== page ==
Matties: When I was at the show, a lot of people said—you know how chatter goes when a deal like this comes around—the PCB side of this thing wasn't appealing as it can be a tough sector to be in. What's your thought on that chatter?

Levy: It would be inappropriate for me to comment on market chatter.  What I can say is that we don’t consider the PCB sector to be a tough sector in which to operate—yes, the PCB sector is competitive, but we have great products, great relationships and visibility is improving.

Matties: People were talking about during the show—where does Orbotech go from here? You have done an excellent job as a market leader, but where's the growth for Orbotech in the PCB sector?

Levy: The growth is not something that’s starting now. The growth strategy for the PCB division was less dependent on the growth of the PCB sector as a whole. We are focusing on certain segments that are growing faster than the overall PCB industry. In addition, we constantly invest in new solutions. Like the shaping  which we didn't have before. Like direct imaging for solder mask that we did not have before, and a few other things that we have in the pipeline that will make Orbotech even more diversified within the PCB division, and increase our offerings.

We see the growth coming, from segments such as mSAP and flex, and by providing both solutions to our customers. As you can see, in the last several years, not only was the growth of the PCB division outstanding ,  but it was much higher than the growth of the overall market. We intend to continue focusing on those high growth segments.

Matties: Is there anything that you would like to share directly with the PCB sector?

Levy: Yes. The main thing is to be in a position where we are a market leader working with our customers for so many years, working very closely with them, creating strong relationships. In the last 18 months, as a result of our customers in the PCB sector being engaged with more high-end, high-technology projects, the opportunities for closer cooperation with our customers is much bigger and much more important than it used to be. When some of our customers are moving to mSAP, or some of our customers are producing certain modules in flexible PCB technology, the level of cooperation that is required between those customers and Orbotech and the level of investment in new solutions is such that I think it's benefiting our customers and Orbotech. It's an exciting period in the PCB industry. We are lucky to be in this situation.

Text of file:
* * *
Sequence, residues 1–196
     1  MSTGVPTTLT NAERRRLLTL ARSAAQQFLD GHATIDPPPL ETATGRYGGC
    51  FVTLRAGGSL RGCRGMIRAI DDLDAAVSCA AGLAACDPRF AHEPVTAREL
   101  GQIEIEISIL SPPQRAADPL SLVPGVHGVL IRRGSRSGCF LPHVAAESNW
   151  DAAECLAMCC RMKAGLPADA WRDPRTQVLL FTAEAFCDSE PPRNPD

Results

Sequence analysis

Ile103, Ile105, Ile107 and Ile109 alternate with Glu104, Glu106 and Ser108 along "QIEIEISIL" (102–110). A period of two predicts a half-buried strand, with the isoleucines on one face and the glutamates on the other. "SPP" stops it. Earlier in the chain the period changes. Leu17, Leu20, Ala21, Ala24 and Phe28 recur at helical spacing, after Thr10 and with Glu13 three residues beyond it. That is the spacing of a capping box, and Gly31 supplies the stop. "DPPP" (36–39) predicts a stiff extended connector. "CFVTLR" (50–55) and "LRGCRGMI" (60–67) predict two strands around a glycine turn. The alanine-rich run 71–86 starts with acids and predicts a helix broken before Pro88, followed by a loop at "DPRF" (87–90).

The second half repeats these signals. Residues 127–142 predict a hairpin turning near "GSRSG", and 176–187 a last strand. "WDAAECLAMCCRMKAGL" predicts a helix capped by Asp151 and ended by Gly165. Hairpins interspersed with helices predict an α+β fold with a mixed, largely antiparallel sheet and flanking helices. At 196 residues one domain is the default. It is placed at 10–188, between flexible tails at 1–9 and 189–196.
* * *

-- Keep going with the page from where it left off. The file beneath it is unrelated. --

Matties: Yes, indeed. One of the things that we're talking about in our company now is the level of optimism that we hear as we travel around the world. At the recent IPC APEX EXPO show, it was described as a very optimistic industry. The CPCA show, quite the same. Europe, we're hearing the same sort of comments coming out. Why do you think the industry is so optimistic? What do you think gives them so much hope right now?

Levy: It's a combination of many things. One of them is related to the fact that there is a high level of investment in new PCB technologies. That was not the case five years ago. Another thing is from when we looked at the main factors that supported the growth of Orbotech in the past several years, it was mainly coming from the smart mobile devices from the investment in China. Looking forward, we look at the mega trends strongly and the number of significant opportunities there is stunning. Our customers, both in PCB,  in flat display, and in the semiconductor business, will all benefit from that. I share that optimism with regards to our market and our customers.

Matties: I certainly appreciate you taking the time out this morning. Thank you very much.

Levy: Barry, thank you very much for your support.

Share


Suggested Items

PCB Design, Fabrication and Use from the Mil-Aero End-User Perspective

08/28/2018 | Pete Starkey, I-Connect007
The procedures described for Rolls Royce were directly comparable with those described for MBDA, and the presenters were unanimous in re-emphasising the importance of working closely with their chosen PCB fabricators at all levels and all stages of design, qualification and production of their circuit boards.

Thermal Capabilities of Solder Masks: How High Can We Go?

08/24/2018 | Sven Kramer, Lackwerke Peters
This article focuses on three different coating material groups that were formulated to operate under high thermal stress and are applied at the printed circuit board manufacturing level. While used for principally different applications, these coatings have in common that they can be key to a successful thermal management concept especially in e-mobility and lighting applications.

Circuit Automation on the Ever-Evolving World of Solder Mask

08/23/2018 | I-Connect007 Editorial Team
In a recent conference call, I-Connect007 editorial team was joined by Circuit Automation’s Yuki Kojima, VP of engineering; Larry Lindland, sales and applications manager; and Tom Meeker, CEO, for a lively discussion about solder mask. Spoiler: It’s not all about the equipment.



Copyright © 2018 I-Connect007. All rights reserved.